Former PM John Major among top politicians to give evidence to the inquiry
Written by Jessica Bomford, April 1, 2022
A host of top politicians and government advisers from the last three decades will give evidence to the Infected Blood Inquiry over the next few months.
In what is likely to be the last year of oral evidence, the inquiry has called high profile names such as former Prime Minister John Major and former Health Secretaries Andy Burnham, Virginia Bottomley, William Waldegrave and John Reid. Sir Robert Francis QC, who compiled an independent review of compensation schemes, will give evidence to the inquiry in July, raising hopes that his report and the government’s response to it will be published well before his appearance.
Registration to book to attend the inquiry for these sessions opens on Wednesday, 6 April.
The key witnesses and the dates they give evidence are:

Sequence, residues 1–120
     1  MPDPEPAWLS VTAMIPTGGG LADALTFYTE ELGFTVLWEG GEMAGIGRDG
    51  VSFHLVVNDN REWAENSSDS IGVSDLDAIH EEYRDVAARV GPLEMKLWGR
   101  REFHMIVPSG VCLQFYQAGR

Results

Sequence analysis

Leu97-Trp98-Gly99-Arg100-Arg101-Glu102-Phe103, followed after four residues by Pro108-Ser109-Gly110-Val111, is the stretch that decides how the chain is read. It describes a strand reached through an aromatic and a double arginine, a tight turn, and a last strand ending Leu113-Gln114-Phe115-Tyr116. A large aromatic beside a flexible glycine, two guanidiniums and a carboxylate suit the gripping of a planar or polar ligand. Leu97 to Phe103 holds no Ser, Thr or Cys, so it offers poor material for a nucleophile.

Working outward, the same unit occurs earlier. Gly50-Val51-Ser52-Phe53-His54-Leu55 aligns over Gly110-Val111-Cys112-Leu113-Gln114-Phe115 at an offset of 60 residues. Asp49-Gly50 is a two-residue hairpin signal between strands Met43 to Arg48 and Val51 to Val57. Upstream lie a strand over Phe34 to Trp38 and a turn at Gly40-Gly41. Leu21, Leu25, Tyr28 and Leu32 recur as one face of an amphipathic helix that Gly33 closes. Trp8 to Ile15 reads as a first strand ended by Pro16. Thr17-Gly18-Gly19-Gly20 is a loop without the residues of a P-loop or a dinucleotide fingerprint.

- David Mellor, health minister 1988-89 (19 May)
- Lord John Patten, junior health minister 1983-85 (20 May)
- Charles Lister, head of blood policy at the department of health 1998-2003 (8 June)
- Sir John Major, former chief secretary to the Treasury 1987-89, Prime Minister 1990-1997 (27 June)
- Baroness Virginia Bottomley, health secretary 1992-1995 (28 June)
- Prof Richard Tedder, honorary consultant virologist (29 & 30 June)
- Lord William Waldegrave, health secretary 1990 – 1992 (5&6 July)
- Sir Robert Francis QC (11&12 July)
- Andy Burnham, health secretary 2009-2010 (15 July)
Read the full timetable here.
There will be particular interest in evidence from Sir John Major who, as chief secretary to the Treasury in 1987 advised Prime Minister Margaret Thatcher that it would not be wise to set a ‘general precedent’ by compensating those infected as a result of the contaminated blood scandal.
Many people credit Andy Burnham’s final speech in the House of Commons in 2017 as being a tipping point in forcing the announcement of the Infected Blood Inquiry later that year. In his speech he threatened to refer a dossier of evidence to the police if an inquiry was not called and said there had to be an investigation into ‘these shameful acts of cover-up’.
There will also be evidence from government advisers and policy makers.